Selected Projects

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    2007-in progress Jerome L. Greene Science Center for Mind Brain Behavior, New York, U.S.A

    Renzo Piano Building Workshop teamed up with SOM on the master plan of Columbia University’s new Manhattanville Campus. The first phase of the Harlem development is on site, and will include four buildings designed by RPBW: the Jerome L. Greene Science Center, the Lenfest Center for the Arts, the Forum, and the School of International and Public Affairs. Columbia University has always been an urban institution. The new campus will be a place of research and knowledge production integrated with the city, in close contact with its social reality, street culture and energy.

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    2007-2015 The Whitney Museum at Gansevoort, New York, U.S.A

    The Whitney Museum is building itself a new home in downtown Manhattan’s Meatpacking District. Opened on May 1st, 2015, the project substantially enlarges the Whitney’s exhibition and programming space, enabling the first comprehensive view of the Museum’s growing collection, which today comprises more than 19,000 works of modern and contemporary American art.

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    2006-2014 Harvard Art Museums renovation and expansion, Cambridge, MA, U.S.A

    Harvard University’s three art museums – the Fogg, the Busch-Reisinger and the Arthur M. Sackler – are being consolidated into one reorganized and upgraded facility, Harvard Art Museums, on the current site of the Fogg Museum on Quincy Street. The restored historic courtyard of the Fogg Museum will be at the heart of 200,00 sq. ft (18,500 sq.m) of new museum space.

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    2006-2014 Pathé Foundation, Paris, France

    The art of inserting a new building into an historic city block means engaging in an open, physical dialogue with the existing city buildings. Building onto a structure also presents an opportunity for a wideranging renovation project, a reclaiming of space. The new headquarters of the Fondation Jérôme Seydoux-Pathé is an unexpected presence, a curved volume glimpsed floating in the middle of a courtyard, anchored on just a few supports. It is complimented by a group of birch trees, a floral island set in the dense mineral context of the city.

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    2007-2013 Kimbell Art Museum Expansion, Fort Worth, U.S.A

    The Kimbell Art Museum’s original building was designed by Louis Kahn in 1972. The new building by Renzo Piano Building Workshop was recently inaugurated and establishes a close, respectful and frank dialogue with this powerful yet delicate older building. The new Renzo Piano Pavilion (named by the building’s owner) accommodates the museum’s growing exhibition and education programmes, allowing the original Kahn building to revert to the display of the museum’s permanent collection.

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    2002-2013 MUSE Museo delle Scienze, Trento, Italy

    The Quartiere delle Albere district, the site of a former Michelin factory, is now a new part of the city of Trento. This transformed post-industrial brownfield site now shares many characteristics with Trento’s urban fabric – the clear hierarchy of the design, its functional stratification and an overall similarity in the size of buildings and materials used for their construction. This urban renewal project has reconnected the city to its natural context, which in Trento is defined by the nearby Adige River and Monte Bondone. This new district, for a long time physically separated from the city centre by the railway, now feels psychologically closer. Quartiere delle Albere is home to MuSe, the new Science Museum, serving to reinforce the cultural identity of this area of Trento.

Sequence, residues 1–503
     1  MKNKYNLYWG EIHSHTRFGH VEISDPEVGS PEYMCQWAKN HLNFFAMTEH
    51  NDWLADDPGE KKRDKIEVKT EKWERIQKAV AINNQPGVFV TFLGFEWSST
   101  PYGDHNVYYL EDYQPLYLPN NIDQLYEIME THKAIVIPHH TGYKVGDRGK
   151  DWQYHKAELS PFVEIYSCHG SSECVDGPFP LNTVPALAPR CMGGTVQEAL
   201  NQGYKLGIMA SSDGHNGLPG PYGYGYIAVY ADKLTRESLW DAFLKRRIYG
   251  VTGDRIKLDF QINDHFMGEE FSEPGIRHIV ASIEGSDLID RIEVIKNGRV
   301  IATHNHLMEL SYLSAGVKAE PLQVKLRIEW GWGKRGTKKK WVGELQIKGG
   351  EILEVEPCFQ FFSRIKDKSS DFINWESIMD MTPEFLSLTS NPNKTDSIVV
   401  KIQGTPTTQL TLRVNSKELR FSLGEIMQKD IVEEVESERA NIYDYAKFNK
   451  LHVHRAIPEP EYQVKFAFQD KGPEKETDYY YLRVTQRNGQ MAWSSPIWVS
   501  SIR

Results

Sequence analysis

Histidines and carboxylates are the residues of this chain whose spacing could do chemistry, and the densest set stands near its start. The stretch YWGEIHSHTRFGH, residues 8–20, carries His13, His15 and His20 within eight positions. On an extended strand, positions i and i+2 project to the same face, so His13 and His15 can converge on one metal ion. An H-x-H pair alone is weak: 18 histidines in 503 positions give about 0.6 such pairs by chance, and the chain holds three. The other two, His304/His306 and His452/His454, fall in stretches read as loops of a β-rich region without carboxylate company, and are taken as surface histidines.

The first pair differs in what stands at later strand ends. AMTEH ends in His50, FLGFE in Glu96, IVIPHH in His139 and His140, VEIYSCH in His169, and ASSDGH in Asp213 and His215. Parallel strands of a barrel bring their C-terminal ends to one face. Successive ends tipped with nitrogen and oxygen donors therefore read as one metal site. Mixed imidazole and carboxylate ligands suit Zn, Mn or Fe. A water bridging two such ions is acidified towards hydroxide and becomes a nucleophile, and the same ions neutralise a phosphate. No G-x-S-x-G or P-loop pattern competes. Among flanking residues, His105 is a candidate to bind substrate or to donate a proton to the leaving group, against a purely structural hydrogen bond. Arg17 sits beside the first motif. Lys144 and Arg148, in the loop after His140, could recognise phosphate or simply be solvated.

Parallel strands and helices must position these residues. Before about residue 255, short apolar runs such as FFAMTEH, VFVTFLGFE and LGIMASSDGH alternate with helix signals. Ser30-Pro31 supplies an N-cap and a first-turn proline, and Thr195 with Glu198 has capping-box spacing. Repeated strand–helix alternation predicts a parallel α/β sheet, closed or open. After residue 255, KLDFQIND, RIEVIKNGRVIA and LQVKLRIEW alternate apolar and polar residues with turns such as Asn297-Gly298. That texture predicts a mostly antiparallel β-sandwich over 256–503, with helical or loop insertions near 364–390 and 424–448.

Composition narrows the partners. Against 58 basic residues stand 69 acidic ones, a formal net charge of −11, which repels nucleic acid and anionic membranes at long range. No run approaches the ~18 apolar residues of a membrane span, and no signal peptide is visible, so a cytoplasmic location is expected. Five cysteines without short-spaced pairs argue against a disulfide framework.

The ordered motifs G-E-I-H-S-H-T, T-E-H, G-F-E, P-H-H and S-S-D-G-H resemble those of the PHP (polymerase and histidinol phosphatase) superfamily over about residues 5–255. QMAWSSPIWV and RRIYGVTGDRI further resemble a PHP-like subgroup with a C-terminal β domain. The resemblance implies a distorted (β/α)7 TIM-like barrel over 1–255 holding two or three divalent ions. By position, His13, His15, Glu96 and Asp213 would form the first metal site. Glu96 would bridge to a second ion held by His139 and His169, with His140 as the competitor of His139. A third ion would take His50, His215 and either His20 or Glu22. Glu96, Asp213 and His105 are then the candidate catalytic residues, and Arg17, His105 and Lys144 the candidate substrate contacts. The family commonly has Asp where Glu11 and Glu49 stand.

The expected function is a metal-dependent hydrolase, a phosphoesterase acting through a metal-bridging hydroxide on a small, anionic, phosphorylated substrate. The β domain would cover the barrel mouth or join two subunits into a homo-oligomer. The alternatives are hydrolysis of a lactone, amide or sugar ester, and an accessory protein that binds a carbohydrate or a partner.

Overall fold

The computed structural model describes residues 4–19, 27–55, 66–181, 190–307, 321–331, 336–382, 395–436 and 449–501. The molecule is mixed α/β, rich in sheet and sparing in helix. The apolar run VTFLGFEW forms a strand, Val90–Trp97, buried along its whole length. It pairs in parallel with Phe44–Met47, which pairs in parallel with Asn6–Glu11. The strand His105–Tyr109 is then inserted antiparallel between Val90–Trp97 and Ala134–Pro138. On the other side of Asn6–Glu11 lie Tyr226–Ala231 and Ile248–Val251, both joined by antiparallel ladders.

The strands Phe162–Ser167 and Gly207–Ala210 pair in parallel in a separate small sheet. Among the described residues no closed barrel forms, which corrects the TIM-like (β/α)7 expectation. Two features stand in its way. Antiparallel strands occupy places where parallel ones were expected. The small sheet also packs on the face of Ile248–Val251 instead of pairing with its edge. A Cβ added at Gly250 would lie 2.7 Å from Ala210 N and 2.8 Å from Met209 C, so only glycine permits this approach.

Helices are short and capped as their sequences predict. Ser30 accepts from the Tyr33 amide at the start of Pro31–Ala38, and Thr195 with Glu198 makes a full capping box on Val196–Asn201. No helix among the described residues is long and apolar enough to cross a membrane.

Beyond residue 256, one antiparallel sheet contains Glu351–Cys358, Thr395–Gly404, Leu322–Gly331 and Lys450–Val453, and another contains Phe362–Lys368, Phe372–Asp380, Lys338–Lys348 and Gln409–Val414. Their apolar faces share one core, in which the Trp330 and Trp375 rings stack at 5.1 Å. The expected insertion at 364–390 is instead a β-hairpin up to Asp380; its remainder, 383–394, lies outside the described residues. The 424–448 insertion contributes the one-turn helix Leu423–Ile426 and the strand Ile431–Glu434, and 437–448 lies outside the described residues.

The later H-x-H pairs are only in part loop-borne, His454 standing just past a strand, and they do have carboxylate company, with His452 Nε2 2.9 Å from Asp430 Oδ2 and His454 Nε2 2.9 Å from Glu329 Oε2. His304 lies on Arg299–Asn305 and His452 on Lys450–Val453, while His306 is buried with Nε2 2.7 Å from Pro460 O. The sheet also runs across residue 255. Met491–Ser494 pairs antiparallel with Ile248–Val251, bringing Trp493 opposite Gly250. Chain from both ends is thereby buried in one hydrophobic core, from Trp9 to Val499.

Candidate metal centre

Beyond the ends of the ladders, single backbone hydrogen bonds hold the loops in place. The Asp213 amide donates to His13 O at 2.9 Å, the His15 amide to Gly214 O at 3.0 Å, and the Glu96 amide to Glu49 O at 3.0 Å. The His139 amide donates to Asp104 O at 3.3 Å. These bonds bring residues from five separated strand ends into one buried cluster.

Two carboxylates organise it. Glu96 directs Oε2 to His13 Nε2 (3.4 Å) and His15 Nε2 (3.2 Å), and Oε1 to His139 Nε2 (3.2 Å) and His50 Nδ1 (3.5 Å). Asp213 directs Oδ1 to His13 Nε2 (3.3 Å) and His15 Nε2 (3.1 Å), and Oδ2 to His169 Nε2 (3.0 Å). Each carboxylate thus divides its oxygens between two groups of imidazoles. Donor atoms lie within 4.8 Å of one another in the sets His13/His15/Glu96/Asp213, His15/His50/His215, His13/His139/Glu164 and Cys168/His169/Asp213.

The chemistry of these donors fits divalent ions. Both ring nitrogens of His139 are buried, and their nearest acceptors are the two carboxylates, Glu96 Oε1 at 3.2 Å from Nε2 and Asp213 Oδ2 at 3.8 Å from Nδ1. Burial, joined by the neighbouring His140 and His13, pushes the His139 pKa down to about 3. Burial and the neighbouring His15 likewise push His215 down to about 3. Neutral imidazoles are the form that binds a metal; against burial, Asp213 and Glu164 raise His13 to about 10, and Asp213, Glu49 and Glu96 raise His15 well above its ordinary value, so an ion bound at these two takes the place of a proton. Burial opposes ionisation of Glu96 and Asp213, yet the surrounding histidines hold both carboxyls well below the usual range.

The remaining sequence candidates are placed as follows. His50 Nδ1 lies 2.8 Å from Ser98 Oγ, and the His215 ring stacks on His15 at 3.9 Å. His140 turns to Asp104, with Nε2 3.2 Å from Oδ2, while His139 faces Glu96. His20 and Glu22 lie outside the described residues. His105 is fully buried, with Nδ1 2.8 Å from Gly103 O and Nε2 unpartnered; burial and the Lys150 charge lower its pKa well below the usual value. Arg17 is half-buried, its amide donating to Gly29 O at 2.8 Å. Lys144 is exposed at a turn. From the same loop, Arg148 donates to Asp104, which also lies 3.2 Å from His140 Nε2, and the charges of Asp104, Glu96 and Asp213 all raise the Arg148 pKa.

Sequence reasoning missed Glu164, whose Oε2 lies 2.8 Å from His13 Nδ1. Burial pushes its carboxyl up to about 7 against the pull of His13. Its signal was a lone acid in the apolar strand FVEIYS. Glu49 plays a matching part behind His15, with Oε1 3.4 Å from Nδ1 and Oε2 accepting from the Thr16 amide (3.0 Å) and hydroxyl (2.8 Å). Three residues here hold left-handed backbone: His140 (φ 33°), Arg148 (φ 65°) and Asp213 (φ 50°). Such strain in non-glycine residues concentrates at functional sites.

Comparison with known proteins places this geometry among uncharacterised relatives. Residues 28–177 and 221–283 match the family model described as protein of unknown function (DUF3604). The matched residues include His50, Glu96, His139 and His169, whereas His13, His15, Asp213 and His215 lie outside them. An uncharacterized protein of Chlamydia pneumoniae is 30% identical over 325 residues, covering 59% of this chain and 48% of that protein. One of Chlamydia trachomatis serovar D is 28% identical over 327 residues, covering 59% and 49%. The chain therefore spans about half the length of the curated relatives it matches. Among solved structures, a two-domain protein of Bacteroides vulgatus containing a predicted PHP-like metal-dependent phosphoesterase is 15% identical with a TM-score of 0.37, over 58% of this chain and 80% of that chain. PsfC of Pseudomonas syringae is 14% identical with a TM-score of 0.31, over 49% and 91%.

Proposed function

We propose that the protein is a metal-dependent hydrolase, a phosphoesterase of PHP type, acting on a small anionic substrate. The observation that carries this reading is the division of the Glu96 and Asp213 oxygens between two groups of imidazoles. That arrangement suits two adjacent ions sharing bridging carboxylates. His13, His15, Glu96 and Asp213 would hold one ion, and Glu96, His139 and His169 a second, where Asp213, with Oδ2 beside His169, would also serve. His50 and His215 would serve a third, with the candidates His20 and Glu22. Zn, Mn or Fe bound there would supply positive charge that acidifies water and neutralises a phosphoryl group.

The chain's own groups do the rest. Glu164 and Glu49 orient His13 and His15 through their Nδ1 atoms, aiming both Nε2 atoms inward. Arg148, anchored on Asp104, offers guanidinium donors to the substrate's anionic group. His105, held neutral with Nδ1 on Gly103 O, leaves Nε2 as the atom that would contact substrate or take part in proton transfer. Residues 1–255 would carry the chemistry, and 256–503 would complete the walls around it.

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    2006-2012 Astrup Fearnley Museum of Modern Art, Oslo, Norway

    Tjuvholmen is a new cultural quarter located to the south-west of Oslo’s city centre. Integrating art and leisure, the complex combines the Astrup Fearnley Museum and an office building, with a new public sculpture park, swimming beach and waterside promenade. As a continuation of the redevelopment of the Aker Brygge area of the city, site of former shipyards, Tjuvholmen has a privileged location right on the water’s edge, with views out over the fjord and back to the city centre.

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    2010-2012 Auditorium del Parco, L'Aquila, Italy

    The Auditorium in L’Aquila was built as a temporary substitute to replace the Castello Spagnolo concert hall, gravely damaged in the 2009 earthquake. A group of three cubes, it is a simple design that tests the efficiency and expressiveness of spaces that were generated by need and necessity. Claudio Abbado proclaimed it “a building of great symbolic value”. He was one of the first people to realise that it could be a very long time before the city would be back to normal and that building a place to protect musical traditions would be a positive way to start the healing process.

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    2005-2012 Renovation and expansion of the Isabella Stewart Gardner Museum, Boston, U.S.A

    Boston’s original Isabella Stewart Gardner Museum opened in 1903 at Fenway Court, a Venetian-style palazzo built by the patroness to showcasehouse her substantial collection of over 2,500 works of fine and decorative art, including tapestries, furniture, manuscripts and textiles, from Europe, Asia, the Islamic world and America.